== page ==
Is Russia's Far East overcrowded by Chinese immigrants?

Sergei Pushkarev, the head of the Vladivostok regional branch of the Federal Migration Service from 1993 until 2003. Source: Press Photo

Sergei Pushkarev, the head of the Vladivostok regional branch of the Federal Migration Service from 1993 until 2003. Source: Press Photo

One of the most common myths in Moscow is that Russia’s Far East is overrun with Chinese immigrants. Sergei Pushkarev was the head of the Vladivostok regional branch of the Federal Migration Service from 1993 until 2003. He talked to RBTH about why this myth persists and what the demographic situation really looks like in the Far East.

RBTH: Are Russian fears that the Chinese are taking over Russia’s Far East justified?

Sergei Pushkarev: Somebody has to take care of the territory and our own population is leaving the area in catastrophic numbers. Those replacing them are not Chinese, but citizens of Central Asian countries.

Investment from China is practically zero due to a lack of mechanisms to protect them from official abuse and criminals. The Chinese are happy to host joint businesses on their side of the border, taking advantage of our technological know-how and attracting our entrepreneurs.

In the mid-1990s when we first opened up Vladivostok – and China was less economically developed – we had lots of Chinese in border bazaars and sleeping in train wagons. Nowadays you have to pay around a thousand dollars monthly to attract a specialist from China.

God gave us a peaceful, hard-working neighbor eager to engage in mutually beneficial economic activity…and we live in fear of China.

RBTH:How many migrants from China are there?

S. P.: The number is in the thousands. Unlike Central Asians, Chinese citizens need a visa to cross into Russia. We have clear numbers on how many are here and what they’re doing.

Chinese, Korean, Philippine and other immigrants from faraway countries are the most controlled in Russia because all of those people need visas to enter Russia. They are easy to deport if they break the law. When the head of the Federal Migration Service talks about nine to ten million illegal immigrants in Russia, he’s referring mostly to Central Asians (who don’t need a visa).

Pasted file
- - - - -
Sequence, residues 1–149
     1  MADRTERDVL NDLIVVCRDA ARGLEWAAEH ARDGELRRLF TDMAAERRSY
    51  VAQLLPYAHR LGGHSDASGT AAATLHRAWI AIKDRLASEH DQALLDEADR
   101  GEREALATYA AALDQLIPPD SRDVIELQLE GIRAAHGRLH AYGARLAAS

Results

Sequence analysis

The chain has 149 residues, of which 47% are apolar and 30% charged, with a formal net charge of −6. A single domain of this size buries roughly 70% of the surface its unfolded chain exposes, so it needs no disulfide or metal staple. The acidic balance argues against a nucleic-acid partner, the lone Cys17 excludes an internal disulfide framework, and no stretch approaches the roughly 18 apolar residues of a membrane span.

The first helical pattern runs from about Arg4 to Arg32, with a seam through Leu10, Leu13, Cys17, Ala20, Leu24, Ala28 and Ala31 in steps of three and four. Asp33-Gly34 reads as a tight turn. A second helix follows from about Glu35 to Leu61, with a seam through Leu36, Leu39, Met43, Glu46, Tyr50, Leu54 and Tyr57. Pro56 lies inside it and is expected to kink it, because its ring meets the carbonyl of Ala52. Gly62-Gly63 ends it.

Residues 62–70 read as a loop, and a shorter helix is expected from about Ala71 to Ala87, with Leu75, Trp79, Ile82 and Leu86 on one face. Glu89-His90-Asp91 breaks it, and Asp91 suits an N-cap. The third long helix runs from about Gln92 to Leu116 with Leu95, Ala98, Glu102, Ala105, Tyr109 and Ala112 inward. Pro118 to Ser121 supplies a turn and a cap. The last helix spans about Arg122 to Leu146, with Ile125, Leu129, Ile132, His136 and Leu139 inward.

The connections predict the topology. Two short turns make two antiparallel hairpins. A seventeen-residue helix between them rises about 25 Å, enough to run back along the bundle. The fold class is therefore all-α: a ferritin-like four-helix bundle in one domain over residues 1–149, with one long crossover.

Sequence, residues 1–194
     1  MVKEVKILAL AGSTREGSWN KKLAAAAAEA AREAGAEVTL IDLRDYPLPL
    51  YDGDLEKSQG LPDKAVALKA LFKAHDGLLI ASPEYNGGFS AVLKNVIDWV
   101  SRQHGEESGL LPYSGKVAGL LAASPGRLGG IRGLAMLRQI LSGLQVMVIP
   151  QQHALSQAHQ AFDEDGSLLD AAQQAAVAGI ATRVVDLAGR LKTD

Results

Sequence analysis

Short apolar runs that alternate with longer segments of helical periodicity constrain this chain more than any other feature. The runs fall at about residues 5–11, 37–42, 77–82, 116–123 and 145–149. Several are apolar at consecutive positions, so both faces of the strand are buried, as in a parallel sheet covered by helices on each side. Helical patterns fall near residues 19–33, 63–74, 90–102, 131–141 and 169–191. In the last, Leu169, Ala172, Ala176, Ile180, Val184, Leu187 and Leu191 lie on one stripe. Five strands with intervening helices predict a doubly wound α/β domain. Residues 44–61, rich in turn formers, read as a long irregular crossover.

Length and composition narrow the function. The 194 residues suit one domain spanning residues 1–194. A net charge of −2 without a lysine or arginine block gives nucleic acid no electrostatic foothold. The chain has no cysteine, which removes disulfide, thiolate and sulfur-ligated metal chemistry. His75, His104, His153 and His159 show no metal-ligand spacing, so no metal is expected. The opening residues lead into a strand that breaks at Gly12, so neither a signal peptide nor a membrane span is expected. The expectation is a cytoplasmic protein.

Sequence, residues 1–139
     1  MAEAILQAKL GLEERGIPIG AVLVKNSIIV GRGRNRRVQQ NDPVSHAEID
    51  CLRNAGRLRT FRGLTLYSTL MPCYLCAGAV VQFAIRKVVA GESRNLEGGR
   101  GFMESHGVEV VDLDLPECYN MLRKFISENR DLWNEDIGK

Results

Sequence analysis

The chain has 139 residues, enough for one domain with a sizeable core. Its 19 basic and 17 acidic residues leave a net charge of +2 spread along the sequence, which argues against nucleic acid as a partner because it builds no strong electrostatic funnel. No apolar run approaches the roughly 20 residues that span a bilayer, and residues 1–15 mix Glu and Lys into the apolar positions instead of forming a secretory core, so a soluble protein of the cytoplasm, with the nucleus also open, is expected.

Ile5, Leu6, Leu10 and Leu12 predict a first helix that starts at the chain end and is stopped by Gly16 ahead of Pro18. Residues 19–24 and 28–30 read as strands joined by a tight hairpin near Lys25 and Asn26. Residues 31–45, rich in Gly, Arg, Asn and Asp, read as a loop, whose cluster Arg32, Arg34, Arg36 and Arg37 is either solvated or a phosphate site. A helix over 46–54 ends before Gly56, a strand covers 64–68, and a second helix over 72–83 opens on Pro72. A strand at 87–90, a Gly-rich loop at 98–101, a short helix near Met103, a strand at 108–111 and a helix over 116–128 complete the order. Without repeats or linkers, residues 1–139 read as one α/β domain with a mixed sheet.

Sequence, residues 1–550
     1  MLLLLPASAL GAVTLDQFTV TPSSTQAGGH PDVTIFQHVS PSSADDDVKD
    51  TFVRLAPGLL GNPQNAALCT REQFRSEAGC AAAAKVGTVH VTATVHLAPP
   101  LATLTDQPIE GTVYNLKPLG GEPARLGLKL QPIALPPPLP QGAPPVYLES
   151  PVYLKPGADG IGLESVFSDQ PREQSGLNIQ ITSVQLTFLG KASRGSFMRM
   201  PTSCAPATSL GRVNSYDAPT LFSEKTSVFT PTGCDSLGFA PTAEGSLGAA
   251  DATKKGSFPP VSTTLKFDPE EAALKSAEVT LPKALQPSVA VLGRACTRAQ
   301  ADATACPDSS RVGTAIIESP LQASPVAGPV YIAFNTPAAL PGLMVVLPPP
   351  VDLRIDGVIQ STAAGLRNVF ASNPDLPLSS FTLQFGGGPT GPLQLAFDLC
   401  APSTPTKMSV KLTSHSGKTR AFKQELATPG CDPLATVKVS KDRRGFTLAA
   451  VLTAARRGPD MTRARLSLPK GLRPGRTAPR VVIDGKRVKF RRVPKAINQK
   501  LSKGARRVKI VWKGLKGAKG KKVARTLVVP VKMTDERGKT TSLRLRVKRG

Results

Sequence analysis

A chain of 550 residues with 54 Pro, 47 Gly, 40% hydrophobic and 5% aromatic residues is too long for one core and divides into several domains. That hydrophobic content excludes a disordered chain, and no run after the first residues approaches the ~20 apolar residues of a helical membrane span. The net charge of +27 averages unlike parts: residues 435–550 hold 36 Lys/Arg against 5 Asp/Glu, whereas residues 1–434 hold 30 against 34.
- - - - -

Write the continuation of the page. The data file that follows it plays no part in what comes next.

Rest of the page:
They arrive in Russia without an invitation, without an employer and without a stated purpose or timeframe for being here. But they are granted three months to become legally employed, which is usually not enough because of bureaucratic barriers.

RBTH: Where does the myth that there are of millions of Chinese in the Far East come from?

S.P.: There are 14 border crossings, most of them on the border with China. Approximately 750 thousand border crossings are made by Chinese citizens each year. Most of these people – they include tourists headed for other regions of Russia, businesspeople, workers –eventually leave the country. One citizen from China who entered Russia 10 times over the course of the year would count as ten. Then the journalists and academics use this figure to say that 750 thousand Chinese citizens moved into the Far East in a single year. Then the nationalist politicians in Moscow pick up this number.

Most of the Chinese people don’t assimilate and don’t remain here permanently. They’ve even set up special training centers on their own territory to prepare Chinese citizens for working in foreign countries, including Russia. And we’re only talking about setting up these centers for foreigners coming to work here.

A lot of people don’t know that the Chinese government is having problems keeping its population from moving South. They are actually having the same problems of people leaving their Northern territories as we are having with the Far East.

Sergei Pushkarev headed the Federal Migration Service’s (roughly equivalent to the Immigration and Naturalization Service in the United States) office in Vladivostok from 1993 until it was made subordinate to the Ministry of Internal Affairs in 2003. He has since set up a nongovernmental organization that assists immigrants and their employers.

All rights reserved by Rossiyskaya Gazeta.

This website uses cookies. Click here to find out more.

Accept cookies